I did some research on the "non routable ip address in the 10.x.x.x range" and presume you mean non-routable from outside the WAN. Because I am not a networker and more a programmer I am not familiar with the proper naming convention of things I have learnt on the way. I, for example, always use 192.*.*.* as internal IPs because I thought they were non-routable and reserved from the outside world but did not know 10.*.*.* was also in this set and therefore presumed you meant 10.*.*.* was non-routable from within the LAN giving the router some form of cleverly masked invisibility hence transparency from the SBS computer and hence solving the:
(I don’t know what’s here - black box tactic)<----->(Nothing gets past me that is not VPN or requested WEB - firewall)<----->(internal network with VPN server - SBS)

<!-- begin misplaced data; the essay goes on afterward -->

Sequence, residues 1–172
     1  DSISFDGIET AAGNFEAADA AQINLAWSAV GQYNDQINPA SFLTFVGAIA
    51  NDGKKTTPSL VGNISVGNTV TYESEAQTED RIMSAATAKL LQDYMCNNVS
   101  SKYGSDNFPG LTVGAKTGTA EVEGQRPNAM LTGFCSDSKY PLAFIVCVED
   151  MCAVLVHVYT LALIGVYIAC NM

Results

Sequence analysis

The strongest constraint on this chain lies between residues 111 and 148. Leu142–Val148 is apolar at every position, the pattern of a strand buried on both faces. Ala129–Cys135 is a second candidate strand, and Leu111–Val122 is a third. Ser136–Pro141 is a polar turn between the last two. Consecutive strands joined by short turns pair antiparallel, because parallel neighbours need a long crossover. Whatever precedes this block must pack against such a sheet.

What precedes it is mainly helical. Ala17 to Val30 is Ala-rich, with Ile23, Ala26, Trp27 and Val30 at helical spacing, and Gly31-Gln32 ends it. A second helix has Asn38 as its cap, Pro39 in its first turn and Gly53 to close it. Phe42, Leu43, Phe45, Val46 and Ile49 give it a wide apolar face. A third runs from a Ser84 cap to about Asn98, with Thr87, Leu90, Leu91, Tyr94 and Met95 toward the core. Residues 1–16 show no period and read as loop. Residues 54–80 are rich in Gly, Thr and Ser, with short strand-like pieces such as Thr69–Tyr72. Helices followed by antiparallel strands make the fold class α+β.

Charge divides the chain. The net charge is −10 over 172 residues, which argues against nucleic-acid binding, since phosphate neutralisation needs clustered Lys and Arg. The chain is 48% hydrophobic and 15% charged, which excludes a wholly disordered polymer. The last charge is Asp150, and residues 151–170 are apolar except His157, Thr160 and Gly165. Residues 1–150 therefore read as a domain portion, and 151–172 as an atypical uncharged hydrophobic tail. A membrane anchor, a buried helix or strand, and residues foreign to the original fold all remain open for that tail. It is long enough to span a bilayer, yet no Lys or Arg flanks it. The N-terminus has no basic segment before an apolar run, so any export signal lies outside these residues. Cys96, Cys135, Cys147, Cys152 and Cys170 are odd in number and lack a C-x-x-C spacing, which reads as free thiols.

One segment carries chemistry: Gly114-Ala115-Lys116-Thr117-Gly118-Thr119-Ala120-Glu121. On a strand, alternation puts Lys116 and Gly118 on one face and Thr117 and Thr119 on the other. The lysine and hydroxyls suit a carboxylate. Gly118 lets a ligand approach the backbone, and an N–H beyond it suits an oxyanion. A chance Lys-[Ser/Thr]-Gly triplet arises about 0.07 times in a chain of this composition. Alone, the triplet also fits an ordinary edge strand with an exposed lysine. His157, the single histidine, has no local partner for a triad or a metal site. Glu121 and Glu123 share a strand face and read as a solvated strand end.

problem.

I now see that because the SBS computer has two nics in it, one for the WAN interface and one for the LAN interface I should be able to put the befsx41 between the SBS computer's WAN interface and the Wall socket that provides broadband to the office. I will need to alter the SBS computer's WAN interface to look for the befsx41's LAN interface and the befsx41's WAN interface to look for the connection provided by the wall socket.

As you can see, following on the convention apparently already used in the office of 192.168.16.* for internal IPs I have proposed 213.166.80.186 for the befsx41's WAN with 192.168.16.0 for its' LAN with and 192.168.16.1 for the SBS's WAN and 192.168.16.2 for its' LAN. The full details of my proposal are in the "04/02/2004 04:05PM PST" post. For the benefit of both myself and others that read this post for help in the future would you be kind enough to comment on the settings correctness and likely success?